NOW - I've got to take a break. I've got a life, a family, a career, and other things more worthy of my time. I promise to come back by, and if there's a particular issue you would like to see me take on, then e-mail me, and I'll come back by when I have time.

Greg, I actually like you. I'll be praying for you. You might be surprised that I got to a place in my life where I told God to screw off. I told Him that if He existed, I thought He was a creep. For whatever reason, God came and got me, and loved me into submission. There's no other way to describe or explain it. I despise the "Christian Religion", but I love the Christian Jesus and faith. I didn't get here through years of programming, I got here through years of examining what can stand in the face of all tests, and what fails.

Again, I'll be praying to a God that is real and that hears me that you find the narrow road.

Zossima

If you reject the fundagelical version of institutionalized christianity, then you're rejecting god altogether. Couldn't possibly be that you're just rejecting fundagelicalism. Couldn't be that you're actually sincerely seeking truth and seeking a life more consistent with the example of Jesus. Silly pseudo-intellectual me.

Greg, I'll be praying, too, that god "loves you into submission". And remember, Greg, until the very-manly-man god does that, resulting in your assent to inerrancy and pasting a shit-eating grin on your face as you attend the local mega, you're praying to a god of your own imagination.

greg

Dear all,

someone please tell me how fundangelicals can make absurd claims about who God must be and not see the fallacy inherent in importing Greek categories to describe a Hebrew God.

God can be just a little more powerful than us and be perceived as god-like. God could know everything but the future and still be God. To say that God must be the way fundangelicals perceive him to be is simply to say, "We want God the way we want God." Yet, I'm accused of doing that. And people wonder that I describe fundangelicals as one step above insane. Eek.

Jay Barnett

This is the reason I call you a pseudo. You can't refute what I say, so you make something up that you can refute. Which Greek god could have rightly been called "Holy" and "Righteous"? None of them. If you want to accuse someone of copying Athenians, talk to the Roman progenitors.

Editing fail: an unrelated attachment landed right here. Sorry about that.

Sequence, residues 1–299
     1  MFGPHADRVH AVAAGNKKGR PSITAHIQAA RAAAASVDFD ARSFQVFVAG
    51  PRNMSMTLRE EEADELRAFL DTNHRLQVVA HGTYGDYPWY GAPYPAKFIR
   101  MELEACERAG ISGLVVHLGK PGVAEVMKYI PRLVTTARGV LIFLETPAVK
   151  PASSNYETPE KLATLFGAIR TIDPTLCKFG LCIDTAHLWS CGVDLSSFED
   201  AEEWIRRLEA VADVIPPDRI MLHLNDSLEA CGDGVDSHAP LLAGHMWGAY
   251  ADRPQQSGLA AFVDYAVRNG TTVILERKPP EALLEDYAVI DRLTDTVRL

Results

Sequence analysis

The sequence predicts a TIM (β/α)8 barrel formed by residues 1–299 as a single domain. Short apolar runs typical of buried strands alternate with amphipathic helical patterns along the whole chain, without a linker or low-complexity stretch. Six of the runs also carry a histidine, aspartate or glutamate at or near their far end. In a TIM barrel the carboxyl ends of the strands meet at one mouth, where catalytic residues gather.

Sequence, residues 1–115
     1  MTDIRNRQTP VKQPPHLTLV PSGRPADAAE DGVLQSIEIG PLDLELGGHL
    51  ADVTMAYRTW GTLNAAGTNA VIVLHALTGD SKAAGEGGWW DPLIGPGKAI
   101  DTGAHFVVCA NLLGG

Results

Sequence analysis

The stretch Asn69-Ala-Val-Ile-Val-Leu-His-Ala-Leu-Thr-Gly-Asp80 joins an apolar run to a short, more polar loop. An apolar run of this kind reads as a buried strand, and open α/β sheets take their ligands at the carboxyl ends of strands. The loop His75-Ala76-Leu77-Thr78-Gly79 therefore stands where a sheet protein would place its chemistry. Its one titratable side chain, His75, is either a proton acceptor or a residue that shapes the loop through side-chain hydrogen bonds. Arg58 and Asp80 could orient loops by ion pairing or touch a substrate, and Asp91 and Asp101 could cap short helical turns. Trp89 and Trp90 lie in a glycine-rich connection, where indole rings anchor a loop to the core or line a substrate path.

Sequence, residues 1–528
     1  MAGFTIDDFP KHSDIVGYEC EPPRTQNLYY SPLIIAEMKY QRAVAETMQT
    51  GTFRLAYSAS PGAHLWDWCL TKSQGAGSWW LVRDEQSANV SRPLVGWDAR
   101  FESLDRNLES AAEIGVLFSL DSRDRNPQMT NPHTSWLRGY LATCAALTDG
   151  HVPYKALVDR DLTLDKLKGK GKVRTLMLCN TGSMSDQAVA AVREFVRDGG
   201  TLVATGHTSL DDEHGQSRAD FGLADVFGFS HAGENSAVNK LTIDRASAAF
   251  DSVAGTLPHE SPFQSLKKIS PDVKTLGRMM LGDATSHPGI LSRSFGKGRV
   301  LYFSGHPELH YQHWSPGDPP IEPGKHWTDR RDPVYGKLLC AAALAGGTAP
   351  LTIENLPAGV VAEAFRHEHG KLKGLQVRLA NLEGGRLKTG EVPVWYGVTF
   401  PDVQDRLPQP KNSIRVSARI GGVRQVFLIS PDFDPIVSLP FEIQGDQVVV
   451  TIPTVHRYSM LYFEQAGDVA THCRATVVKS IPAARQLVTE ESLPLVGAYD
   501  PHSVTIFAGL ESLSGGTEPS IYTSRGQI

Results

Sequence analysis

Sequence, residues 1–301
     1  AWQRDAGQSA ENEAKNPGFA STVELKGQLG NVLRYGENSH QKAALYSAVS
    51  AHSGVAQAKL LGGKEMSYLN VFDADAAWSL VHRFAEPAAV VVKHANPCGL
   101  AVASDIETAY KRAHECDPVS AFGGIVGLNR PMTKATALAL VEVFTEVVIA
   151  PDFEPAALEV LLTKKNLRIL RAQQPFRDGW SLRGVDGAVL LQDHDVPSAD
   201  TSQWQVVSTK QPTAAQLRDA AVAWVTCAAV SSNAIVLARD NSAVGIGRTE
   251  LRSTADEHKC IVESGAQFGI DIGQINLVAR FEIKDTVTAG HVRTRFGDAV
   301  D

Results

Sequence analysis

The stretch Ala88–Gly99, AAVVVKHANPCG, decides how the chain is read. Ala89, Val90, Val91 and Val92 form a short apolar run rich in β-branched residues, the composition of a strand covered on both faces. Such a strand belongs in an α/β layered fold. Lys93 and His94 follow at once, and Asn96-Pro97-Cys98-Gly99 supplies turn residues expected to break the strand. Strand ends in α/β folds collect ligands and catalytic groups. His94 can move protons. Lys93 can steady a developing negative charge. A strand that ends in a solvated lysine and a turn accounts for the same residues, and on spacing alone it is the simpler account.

As for insane, you're the one who claims to be tired of living, not me. I love life... Disclaimer: I'm only kidding, the legal definition of insanity probably isn't the most appropriate for the purposes of this discussion. I think Greg is quite sane, he's just spiritually frustrated.

I'm really taking a break now, but don't lie about what I've said, please.

Jay Barnett

Another "By the way".

The last guy that told erroneously told me I was serving a Greek god, later abandoned Christianity all together, and decided he was Jewish. He later abandoned Judaism, and decided he was pagan. He ended up abandoning all pursuit of God, left his wife and kids, and became a homosexual atheist.

There's nothing new here, Greg. Barring God's intervention you're on a path that leads to destruction - but weren't we all?

Jay Barnett

O, and....

The Greeks were actually renowned for assigning human limitation, frailty, and other characteristics to their gods. Now, let's see, does that sound more like your god or mine?

greg

Gotta get that last word in, eh? I can easily refute what you say. That's not the point. Here's the easiest way: God must be x to be God. Since God is not provable and not testable and not available for interviews, anything you say for the value of x is simply a groundless assertion. You are so wrapped up in your assumptions you don't recognize how poor the argument is. Everything you believe about God comes from the Bible, yet the Scriptures themselves are what are contestable. We needn't even discuss how contestable the notion of God is. I can easily say "God is spam," and that is as true as any assertion you can make absent evidence. Now, let's assume that an argument for God can be made that is somewhat justifiable: God is more likely than an invisible pink unicorn. I'd affirm that. But that in now way implies what characteristics God must possess to be God. Welcome to the world of Calvinist circular reasoning and internally verifiable logic. Seriously, you should take a break. Maybe try reading McClendon and Smith's Convictions or anything besides Piper.

Zossima

There you have it everyone, proof positive by a true intellectual that denying John Piper's narrow, unhistorical, Western-biased interpretation of the Bible is not only denying god and christianity altogether but is also the road to ruin. The billions of nonbelievers in the world who are faithful to their wives have been warned. You're perhaps only one denial away from becoming a gay, atheist, liberal, abortionist. Silly pseudo-intellectual me.

Jay, we have no need to "lie" about what you've said. You're seriously fucked up.

Dallas Tim

Saying that beliving something because you were conditioned to is not always a reason to suspect that your belief is wrong.

I've been conditioned that rape is wrong... is that incorrect? How about child molestation? Is that OK or is the negative conotation associated with it just my "conditioned" response?

Almost every culture has had some idea of a "higher power." The Greeks had their mythological deities, the Hindus have Vishnu, etc... You would have a much more difficlut time listing the cultures who DIDN'T have some idea of "god" than you would trying to list the ones who did.